A new transitional government for the Democratic Republic of Congo was to be sworn in Thursday. But the ceremony has been postponed indefinitely. The delay stems from disagreements between the government and the country's most powerful rebel group, known as RCD (Rally for Congolese Democracy) - Goma.
The disagreement centers on the composition of the national army of the Democratic Republic of Congo.
The RCD-Goma rebels claim that the government is unwilling to fulfill a promise it made to share power in the army. They say that an agreement was made between them and the government to allow RCD-Goma to take the defense ministry as well as control of the ground forces in the national army.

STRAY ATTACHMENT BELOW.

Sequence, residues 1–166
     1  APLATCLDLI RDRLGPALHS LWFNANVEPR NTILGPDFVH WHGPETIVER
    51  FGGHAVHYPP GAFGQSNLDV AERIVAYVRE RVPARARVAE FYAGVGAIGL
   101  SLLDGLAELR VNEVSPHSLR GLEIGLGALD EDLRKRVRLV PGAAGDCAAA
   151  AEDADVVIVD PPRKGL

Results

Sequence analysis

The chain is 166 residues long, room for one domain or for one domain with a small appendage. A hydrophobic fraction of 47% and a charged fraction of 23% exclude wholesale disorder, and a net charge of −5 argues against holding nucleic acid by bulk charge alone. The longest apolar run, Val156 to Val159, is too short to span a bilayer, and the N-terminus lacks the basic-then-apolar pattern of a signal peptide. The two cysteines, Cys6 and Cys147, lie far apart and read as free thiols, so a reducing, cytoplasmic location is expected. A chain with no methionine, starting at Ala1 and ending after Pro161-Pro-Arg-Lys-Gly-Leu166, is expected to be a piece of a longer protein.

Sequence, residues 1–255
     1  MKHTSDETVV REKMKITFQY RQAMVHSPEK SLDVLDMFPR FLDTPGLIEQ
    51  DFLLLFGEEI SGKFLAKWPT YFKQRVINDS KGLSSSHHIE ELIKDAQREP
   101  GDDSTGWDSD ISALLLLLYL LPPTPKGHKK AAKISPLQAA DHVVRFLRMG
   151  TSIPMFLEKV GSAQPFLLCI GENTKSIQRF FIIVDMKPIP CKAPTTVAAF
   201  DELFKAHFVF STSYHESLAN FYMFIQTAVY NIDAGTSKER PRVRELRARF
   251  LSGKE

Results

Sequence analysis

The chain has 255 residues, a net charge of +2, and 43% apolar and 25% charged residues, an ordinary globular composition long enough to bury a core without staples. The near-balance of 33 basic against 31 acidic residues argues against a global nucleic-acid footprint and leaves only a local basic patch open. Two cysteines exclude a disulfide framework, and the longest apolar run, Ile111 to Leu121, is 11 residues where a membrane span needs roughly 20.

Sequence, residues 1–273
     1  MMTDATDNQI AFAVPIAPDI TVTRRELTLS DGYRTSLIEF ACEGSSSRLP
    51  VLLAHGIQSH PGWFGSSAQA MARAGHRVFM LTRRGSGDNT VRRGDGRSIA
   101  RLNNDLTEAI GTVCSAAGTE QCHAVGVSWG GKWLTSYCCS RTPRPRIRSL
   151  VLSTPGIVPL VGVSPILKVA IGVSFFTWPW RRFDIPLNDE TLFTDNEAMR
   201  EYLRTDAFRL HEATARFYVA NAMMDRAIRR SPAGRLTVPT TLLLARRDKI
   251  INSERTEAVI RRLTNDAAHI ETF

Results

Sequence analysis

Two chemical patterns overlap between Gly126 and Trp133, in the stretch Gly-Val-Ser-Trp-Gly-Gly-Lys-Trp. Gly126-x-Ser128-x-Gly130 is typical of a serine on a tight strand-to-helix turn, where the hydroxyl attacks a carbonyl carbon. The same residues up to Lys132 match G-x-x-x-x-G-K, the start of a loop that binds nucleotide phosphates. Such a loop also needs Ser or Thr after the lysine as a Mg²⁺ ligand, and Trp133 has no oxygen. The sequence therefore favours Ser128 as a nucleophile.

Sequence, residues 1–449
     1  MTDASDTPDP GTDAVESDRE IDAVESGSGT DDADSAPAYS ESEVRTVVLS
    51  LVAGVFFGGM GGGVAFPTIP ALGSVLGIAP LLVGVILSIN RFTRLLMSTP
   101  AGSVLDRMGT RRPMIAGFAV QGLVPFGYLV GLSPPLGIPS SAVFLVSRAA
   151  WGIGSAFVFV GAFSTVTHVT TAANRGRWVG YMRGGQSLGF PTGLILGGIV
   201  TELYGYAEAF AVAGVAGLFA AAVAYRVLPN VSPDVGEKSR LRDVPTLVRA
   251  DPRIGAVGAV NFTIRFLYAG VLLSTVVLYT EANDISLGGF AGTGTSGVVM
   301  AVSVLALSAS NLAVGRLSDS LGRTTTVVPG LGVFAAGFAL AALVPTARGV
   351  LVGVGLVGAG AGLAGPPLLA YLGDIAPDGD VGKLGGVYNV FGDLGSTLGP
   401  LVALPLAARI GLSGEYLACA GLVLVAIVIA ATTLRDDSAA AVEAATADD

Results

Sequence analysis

The rebels also claim they are the most important rebel group in the Congo and as such should have military control of more than one of the 10 regions in the country.
But the government seems reluctant to meet any of the rebel demands and more inclined to send them a message. On May 17, it held a military parade in the capital to celebrate Congo's liberation from the dictatorship of Mobutu Sese Seko. But instead of celebrating the country's liberation, the parade was widely perceived as a display of force meant to send a warning to rebel leaders.
Since then RCD-Goma have been accusing the government of flying in troops into its territory.
The main goal of the transitional government, if and when it is approved, is to guide the Democratic Republic of Congo to democratic elections in two years and bring an end to a four-year-old civil war that has claimed almost four million lives.
But the question of the power sharing of the army seems to have derailed what is called the peace train here.